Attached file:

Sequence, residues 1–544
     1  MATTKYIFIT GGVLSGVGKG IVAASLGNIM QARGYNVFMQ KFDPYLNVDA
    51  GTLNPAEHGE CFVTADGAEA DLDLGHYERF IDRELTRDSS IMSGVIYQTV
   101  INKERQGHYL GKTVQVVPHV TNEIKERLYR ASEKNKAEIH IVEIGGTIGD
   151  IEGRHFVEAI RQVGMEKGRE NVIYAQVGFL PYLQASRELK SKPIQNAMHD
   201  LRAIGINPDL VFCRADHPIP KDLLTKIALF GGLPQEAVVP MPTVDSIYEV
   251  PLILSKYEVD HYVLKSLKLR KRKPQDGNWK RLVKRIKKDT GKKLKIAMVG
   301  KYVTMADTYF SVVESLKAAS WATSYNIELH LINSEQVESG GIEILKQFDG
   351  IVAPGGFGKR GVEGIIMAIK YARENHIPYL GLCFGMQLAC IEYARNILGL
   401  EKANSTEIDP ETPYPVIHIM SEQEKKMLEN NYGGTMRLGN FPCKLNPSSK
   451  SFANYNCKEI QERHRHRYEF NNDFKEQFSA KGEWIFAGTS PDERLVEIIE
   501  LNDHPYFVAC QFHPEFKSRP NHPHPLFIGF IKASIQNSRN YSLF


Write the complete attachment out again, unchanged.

Sequence, residues 1–544
     1  MATTKYIFIT GGVLSGVGKG IVAASLGNIM QARGYNVFMQ KFDPYLNVDA
    51  GTLNPAEHGE CFVTADGAEA DLDLGHYERF IDRELTRDSS IMSGVIYQTV
   101  INKERQGHYL GKTVQVVPHV TNEIKERLYR ASEKNKAEIH IVEIGGTIGD
   151  IEGRHFVEAI RQVGMEKGRE NVIYAQVGFL PYLQASRELK SKPIQNAMHD
   201  LRAIGINPDL VFCRADHPIP KDLLTKIALF GGLPQEAVVP MPTVDSIYEV
   251  PLILSKYEVD HYVLKSLKLR KRKPQDGNWK RLVKRIKKDT GKKLKIAMVG
   301  KYVTMADTYF SVVESLKAAS WATSYNIELH LINSEQVESG GIEILKQFDG
   351  IVAPGGFGKR GVEGIIMAIK YARENHIPYL GLCFGMQLAC IEYARNILGL
   401  EKANSTEIDP ETPYPVIHIM SEQEKKMLEN NYGGTMRLGN FPCKLNPSSK
   451  SFANYNCKEI QERHRHRYEF NNDFKEQFSA KGEWIFAGTS PDERLVEIIE
   501  LNDHPYFVAC QFHPEFKSRP NHPHPLFIGF IKASIQNSRN YSLF